I have attended church for at least 60 years and never experienced a sermon or teaching of being burnt out on going to church. It has been and is a crisis of faith. I believe teaching on this subject would benefit the congregation as well as the leaders. There has to be more than a routine service Sunday after Sunday. Emphasis on routine.
At out church it’s mandatory for Deacons to have a 1yr layoff between terms but nothing like that for teachers and don’t even ask about nursery workers.
Where rest is really needed . . .
This is excellent, a dose of good medicine for me
Thom, #3. 80/20. 20% of the people do 80% of the giving and volunteering and yes the Spirit is strong but the flesh is weak
I have to agree with Russ’s numbers, as they have been prevalent not only in my church but in other organizations I have been in (Jaycees, school booster clubs, etc.)
Yes, Russ. The 80/20 thesis is called “the Pareto principle.” It has a fascinating history.
I too agree with these points and Mr. Cleveland. I love teaching and get excited when it is time to go before my class and discuss God’s Word. But it took me a long time to see and understand my calling. In this respect, the leaders do fall short of helping new believers see their calling and understand their gifts. if we but could focus on this aspect as well as doctrine in New Member’s class it would be very beneficial to the individual and the body of Christ. It also couldn’t hurt to provide a spiritual gift’s class to the already sitting congregation.
Good points, Renea.
Several churches in this area are doing a good job of exactly that, in their New Members’ Classes. Among them is the church that went from zero to the biggest church in the state, in less than 14 years.
Great job, as always.
Thank you, Steve.
Excellent points, and all applicable.
They also hint at what may be a most fundamental problem … people trying to fit into a program, rather than finding what the Holy Spirit has gifted them to do, and then doing that for the benefit of the body. As Ken Hemphill said in his study course about Spiritual gifts, we can take a lesson from Moses and the burning bush. The bush was not consumed .. it never burned out … because it was burning with the fire of God. If we are operating on the fire God has placed within us, it never does go out, either.
I am 77 and have been teaching for a lot of years, and haven’t begun to burn out (barring some physical disability or impairment).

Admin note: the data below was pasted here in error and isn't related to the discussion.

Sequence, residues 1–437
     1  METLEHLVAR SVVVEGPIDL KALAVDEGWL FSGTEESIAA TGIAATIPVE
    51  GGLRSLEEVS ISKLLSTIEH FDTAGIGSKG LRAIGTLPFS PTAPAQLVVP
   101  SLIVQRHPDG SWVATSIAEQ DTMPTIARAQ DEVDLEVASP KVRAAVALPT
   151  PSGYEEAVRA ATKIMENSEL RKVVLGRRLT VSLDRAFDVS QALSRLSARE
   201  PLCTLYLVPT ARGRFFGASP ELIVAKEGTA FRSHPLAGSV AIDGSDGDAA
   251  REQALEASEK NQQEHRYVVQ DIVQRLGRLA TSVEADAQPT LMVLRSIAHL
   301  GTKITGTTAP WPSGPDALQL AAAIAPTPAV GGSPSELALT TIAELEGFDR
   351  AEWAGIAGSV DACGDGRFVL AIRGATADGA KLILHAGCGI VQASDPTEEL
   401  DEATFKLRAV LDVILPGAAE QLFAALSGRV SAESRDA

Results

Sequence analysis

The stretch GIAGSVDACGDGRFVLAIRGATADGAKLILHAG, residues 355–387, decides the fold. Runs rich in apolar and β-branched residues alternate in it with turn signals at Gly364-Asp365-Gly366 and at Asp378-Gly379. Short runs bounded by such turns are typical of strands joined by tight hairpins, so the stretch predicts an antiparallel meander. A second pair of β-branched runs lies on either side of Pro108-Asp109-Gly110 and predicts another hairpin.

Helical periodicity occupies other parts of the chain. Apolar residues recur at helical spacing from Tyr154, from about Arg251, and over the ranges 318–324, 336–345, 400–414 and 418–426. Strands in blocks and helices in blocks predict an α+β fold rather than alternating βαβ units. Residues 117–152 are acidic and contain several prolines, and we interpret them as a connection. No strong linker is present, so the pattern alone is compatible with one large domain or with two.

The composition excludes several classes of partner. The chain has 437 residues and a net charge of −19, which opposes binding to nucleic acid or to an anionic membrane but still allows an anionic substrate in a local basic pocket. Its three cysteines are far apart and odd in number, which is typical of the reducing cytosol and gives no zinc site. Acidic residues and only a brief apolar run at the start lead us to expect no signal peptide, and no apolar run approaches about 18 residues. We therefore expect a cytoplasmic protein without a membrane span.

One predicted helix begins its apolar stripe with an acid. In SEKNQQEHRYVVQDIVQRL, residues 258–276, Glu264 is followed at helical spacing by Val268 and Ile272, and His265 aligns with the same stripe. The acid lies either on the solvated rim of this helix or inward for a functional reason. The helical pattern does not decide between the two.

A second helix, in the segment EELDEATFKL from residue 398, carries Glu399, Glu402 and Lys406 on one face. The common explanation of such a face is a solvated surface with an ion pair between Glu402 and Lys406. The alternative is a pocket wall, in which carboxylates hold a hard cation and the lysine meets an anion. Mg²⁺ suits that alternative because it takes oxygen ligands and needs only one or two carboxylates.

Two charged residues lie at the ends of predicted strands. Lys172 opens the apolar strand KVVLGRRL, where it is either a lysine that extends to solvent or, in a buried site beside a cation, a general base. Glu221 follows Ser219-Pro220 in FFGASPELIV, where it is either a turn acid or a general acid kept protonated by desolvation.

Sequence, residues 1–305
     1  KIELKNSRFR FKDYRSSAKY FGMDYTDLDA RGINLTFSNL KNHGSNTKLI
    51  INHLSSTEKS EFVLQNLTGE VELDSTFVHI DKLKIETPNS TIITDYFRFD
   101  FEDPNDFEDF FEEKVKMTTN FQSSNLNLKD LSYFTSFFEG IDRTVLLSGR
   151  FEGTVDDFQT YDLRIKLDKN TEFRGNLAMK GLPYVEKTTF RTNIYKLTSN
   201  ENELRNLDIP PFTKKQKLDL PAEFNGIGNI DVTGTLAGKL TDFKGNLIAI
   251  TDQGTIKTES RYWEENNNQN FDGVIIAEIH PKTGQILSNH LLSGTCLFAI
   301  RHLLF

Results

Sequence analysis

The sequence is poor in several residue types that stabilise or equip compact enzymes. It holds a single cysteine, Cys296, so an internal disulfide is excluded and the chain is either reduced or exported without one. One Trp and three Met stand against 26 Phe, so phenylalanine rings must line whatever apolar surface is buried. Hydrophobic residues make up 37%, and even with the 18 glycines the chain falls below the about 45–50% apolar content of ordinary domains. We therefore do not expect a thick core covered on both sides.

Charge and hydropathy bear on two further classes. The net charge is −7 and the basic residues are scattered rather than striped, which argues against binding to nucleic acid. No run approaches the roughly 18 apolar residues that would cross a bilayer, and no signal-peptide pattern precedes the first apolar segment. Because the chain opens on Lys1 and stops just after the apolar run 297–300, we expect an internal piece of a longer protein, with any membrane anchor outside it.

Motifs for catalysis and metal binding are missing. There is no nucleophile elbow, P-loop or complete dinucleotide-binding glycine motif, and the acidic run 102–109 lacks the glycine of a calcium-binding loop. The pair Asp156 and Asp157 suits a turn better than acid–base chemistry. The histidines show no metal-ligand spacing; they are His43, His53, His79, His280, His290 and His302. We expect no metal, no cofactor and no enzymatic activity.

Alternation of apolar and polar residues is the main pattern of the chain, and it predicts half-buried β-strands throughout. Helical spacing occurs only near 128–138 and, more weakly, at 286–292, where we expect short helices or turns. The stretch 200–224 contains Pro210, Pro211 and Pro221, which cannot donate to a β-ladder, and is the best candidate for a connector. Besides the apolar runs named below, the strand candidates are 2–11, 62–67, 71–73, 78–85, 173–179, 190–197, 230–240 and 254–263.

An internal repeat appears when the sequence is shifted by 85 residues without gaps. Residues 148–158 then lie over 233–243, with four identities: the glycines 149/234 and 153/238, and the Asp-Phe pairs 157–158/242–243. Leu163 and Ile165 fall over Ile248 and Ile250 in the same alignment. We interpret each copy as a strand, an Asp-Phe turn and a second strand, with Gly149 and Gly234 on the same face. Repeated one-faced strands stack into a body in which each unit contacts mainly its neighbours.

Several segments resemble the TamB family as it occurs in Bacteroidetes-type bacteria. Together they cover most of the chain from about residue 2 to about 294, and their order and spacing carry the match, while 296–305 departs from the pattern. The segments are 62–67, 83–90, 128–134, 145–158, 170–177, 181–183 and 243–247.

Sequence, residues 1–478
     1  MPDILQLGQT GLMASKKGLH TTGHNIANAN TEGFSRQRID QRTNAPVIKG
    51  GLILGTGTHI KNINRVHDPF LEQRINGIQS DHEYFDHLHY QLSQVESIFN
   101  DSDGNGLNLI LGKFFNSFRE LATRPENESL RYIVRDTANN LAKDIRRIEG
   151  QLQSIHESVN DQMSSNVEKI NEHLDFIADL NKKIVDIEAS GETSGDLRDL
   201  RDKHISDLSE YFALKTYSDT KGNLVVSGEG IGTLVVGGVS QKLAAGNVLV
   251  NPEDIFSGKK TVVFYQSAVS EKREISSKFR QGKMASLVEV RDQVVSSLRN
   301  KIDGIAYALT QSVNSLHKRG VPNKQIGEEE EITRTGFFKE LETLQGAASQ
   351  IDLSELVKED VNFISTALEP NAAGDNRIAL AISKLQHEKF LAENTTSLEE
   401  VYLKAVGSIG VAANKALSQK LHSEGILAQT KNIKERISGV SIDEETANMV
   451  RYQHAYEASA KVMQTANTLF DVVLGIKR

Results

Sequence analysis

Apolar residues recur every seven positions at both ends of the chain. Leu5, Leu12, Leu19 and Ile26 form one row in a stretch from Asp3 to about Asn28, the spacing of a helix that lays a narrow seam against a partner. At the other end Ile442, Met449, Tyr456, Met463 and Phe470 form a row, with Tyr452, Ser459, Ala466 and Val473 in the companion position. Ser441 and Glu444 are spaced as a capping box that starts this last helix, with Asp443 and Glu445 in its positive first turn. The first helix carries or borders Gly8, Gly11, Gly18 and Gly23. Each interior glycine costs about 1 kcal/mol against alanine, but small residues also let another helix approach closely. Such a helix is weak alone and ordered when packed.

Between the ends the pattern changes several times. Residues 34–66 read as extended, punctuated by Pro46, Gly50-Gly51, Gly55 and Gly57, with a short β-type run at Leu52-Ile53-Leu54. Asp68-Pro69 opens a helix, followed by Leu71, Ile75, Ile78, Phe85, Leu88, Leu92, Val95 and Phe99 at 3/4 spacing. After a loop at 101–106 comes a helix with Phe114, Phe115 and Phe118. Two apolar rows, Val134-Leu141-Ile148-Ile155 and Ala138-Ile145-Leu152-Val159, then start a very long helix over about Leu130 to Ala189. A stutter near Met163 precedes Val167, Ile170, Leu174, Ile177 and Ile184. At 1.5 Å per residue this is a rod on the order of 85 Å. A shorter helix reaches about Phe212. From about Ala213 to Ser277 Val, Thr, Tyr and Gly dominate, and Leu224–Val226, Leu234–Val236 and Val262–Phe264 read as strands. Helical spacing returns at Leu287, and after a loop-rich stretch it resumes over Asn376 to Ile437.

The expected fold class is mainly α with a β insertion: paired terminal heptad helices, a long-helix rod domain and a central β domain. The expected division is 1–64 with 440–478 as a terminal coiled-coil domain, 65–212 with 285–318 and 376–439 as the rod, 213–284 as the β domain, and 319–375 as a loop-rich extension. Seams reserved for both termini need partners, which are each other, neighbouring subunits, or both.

Well said, Bob.
“If we are operating on the fire God has placed within us, it never does go out, either.”
That is provided people are allowed to use it in churches or they decide to leave and use it elsewhere. Hindering someone’s use of a God-given talent has really hurt Christianity but is widely prevalent.
That’s exactly right. Too often churches are interested in filling positions without concern for the members’ gifts.
I am in the position of do I stay and pray things will change, or do I go to a church which will use me? I’m feeling very burned out from not being permitted to use my gifts and training in a male dominated church and not excited about breaking in to new church.
I fully agree. All too often churches seek to fill a slot instead of seeking where people are gifted and using them in that area, or better enabling them to serve in their gifted area through the church. My wife was asked to teach an adult class but her giftedness is with children. She is a trained elementary teacher and kids flock to her connecting with her so easily. She turned it down and within a couple of months God laid it on her heart to begin a children’s church for the younger children. Our deacons gladly enabled her recognizing this as in their words, her niche. She is happy and the children are experiencing adult worship and receiving teaching on their level of understanding.
Thank you for your wise words Bob.
In many instances burn out can be the result of a legalistic doctrine….where one is made to feel that he can never do enough….when one is in sync with the holy spirit the result will be rest, quietness and the confidence of abiding in the vine, producing good fruit pleasing into God. Legalism produces a spirit of competition and a host of other unhealthy traits destructive to the Church
This is not true for me. For me it’s
– the pastor(s) instigates every new idea instead of inspiring new ideas
– too many new things happening, or trying to happen, all at once
– committees becoming only a pool of people to do the work